I particularly like the last view, across the gates and the downward slope towards the sea.

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  13. Liebe Sarah, die Bilder sind traumhaft,besonders das letzte. Ich finde es auch schwierig, die Bluebells richtig zu fotografieren, sie sind so schön und in unserem Hang vor dem Haus fließen sie wie ein Fluß nach unten. Im Garten mag ich sie nicht so sehr, weil sie sich so breitmachen. Wildvögel können wir hier auch beobachten, nur momentan ist so kalt, es schneit und hagelt seit gestern wieder. Erst vorhin wurde ich komplett vollgehagelt, als ich draußen war.

    Sigrun

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  14. That sounds brilliant! The bluebells are just coming into flower here now, I've just seen odd ones so far!

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  15. I loved taking this pictorial journey with you. The last pic of the sunset is amazing!

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  16. As if Dorset couldn't get any better... Ah, lovely Dorset.

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  17. Your pictures are always so beautiful Sue that they make my heart ache a bit, but always in a good way. What a wonderful idea to do the guided walk. I had np idea a bird could go as far as 1000 km in a 24 hour period. Incredible!o

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  18. And of course as soon as I hit publish I realized I had said Sue instead of Sarah! My apologies for not having proofread what I was typing.

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  19. That last photo is especially stunning! I had no idea birds could fly so far in 24 hours - what an amazing fact.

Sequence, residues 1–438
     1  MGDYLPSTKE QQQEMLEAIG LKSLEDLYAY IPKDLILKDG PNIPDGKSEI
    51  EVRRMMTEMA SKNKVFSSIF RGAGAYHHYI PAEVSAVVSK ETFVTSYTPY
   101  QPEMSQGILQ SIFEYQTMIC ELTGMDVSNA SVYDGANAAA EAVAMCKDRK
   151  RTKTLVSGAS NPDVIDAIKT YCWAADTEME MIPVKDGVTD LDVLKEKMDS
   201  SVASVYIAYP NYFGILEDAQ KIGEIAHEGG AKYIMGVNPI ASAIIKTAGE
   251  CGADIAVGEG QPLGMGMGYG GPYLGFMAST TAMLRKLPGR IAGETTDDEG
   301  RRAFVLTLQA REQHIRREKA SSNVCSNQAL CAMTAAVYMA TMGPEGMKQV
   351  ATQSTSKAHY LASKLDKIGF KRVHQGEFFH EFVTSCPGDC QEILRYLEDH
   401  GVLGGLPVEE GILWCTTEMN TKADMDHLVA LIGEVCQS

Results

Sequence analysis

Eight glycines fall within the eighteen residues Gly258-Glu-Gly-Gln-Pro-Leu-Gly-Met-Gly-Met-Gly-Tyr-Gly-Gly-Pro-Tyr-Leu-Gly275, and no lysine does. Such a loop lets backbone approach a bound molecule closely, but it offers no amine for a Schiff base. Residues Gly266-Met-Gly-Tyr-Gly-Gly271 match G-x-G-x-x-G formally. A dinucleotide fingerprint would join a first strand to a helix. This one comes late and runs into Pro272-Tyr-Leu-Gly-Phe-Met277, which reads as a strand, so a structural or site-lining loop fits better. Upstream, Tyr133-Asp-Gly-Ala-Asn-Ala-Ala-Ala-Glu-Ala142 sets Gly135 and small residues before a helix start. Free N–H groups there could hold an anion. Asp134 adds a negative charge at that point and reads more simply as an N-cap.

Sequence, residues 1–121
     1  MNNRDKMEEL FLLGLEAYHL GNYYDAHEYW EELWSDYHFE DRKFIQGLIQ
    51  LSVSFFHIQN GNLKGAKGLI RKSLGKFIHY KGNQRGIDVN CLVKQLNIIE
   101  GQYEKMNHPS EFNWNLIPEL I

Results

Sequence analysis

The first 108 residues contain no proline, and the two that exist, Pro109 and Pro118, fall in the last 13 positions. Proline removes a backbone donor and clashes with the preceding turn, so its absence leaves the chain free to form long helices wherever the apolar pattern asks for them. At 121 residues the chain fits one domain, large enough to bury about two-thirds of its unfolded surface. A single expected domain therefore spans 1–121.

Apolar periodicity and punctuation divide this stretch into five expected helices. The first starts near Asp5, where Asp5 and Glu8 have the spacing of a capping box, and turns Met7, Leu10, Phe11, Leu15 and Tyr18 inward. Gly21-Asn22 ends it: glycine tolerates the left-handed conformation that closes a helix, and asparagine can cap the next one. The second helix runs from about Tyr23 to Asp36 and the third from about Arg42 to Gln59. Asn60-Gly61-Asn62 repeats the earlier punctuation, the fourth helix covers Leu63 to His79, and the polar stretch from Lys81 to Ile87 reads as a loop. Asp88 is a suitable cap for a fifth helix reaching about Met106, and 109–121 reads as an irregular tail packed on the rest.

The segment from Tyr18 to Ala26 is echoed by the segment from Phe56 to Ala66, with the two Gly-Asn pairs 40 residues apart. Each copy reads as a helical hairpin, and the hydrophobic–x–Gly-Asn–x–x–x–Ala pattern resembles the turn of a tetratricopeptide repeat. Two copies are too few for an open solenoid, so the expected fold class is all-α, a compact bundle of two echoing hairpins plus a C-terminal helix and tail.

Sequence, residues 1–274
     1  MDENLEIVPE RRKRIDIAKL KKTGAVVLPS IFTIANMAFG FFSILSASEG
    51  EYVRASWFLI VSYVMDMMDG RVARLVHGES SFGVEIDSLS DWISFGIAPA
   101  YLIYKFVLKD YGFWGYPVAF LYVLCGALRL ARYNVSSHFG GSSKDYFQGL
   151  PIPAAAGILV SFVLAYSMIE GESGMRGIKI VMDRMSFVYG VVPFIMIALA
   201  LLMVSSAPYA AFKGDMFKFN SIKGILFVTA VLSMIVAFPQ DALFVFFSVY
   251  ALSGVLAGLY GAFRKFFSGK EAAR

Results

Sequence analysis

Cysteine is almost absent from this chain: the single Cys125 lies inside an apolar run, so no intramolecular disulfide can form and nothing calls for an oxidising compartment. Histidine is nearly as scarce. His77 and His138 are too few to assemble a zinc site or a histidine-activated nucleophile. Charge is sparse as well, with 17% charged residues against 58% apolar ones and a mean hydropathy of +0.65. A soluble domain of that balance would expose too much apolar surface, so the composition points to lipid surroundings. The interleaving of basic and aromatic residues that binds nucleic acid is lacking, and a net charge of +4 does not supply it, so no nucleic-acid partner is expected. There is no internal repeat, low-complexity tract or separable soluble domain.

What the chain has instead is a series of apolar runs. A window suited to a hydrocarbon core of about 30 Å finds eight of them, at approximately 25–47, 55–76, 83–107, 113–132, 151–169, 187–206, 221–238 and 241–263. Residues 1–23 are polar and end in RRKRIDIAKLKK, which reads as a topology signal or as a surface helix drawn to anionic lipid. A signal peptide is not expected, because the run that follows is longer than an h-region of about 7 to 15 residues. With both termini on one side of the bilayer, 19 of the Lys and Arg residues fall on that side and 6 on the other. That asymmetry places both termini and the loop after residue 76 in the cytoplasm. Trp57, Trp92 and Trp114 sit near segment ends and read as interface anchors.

I've seen otters twice in the last 10 days so am a very happy wildlife spotter!
    Hope you have many more lovely outdoor moments in the coming weeks. Juliex

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  20. Hey Sarah,
    What wonderful pictures. The orange glow of the sunset is breath taking! I agree that it is difficult to capture that haze of colour of a carpet of bluebells. I have tried - and failed - many times!
    My latest nature spot is a leaf cutter beetle, and a truly enormous red tailed bumble in the greenhouse.
    Have a lovely week.
    Leanne xx

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  21. How neat to hear about the migratory birds you encountered! My husband and I have been relishing the arrival of our "summer visitors" just this last week, though not all are exotic (but thoroughly enjoyable to have in our yard). I'm particularly happy to welcome back the robins and varied thrushes. The butterflies are also flitting about, and I'm hoping to spot some sandhill cranes flying overhead as they make their way to their nesting grounds!
    We have a really lovely bird sanctuary just minutes from home where you can walk boardwalks suspended over marshy wetlands that SO many varieties of birds love, and in late summer you can even watch salmon spawning. It's not uncommon to see big bear tracks in the mud during summer (or see a bear itself).

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  22. I'm glad our wildlife is not so big, I'm don't think I would want to come across a bear in a nature reserve! Sarah x

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  23. How beautiful!!!! Ooh, I've shown my children pictures of whimbrels because we listen to them and imitate their bird song in year 2, how great to see 38 of them!!!! The flowers and the nature around you is sumptuous!x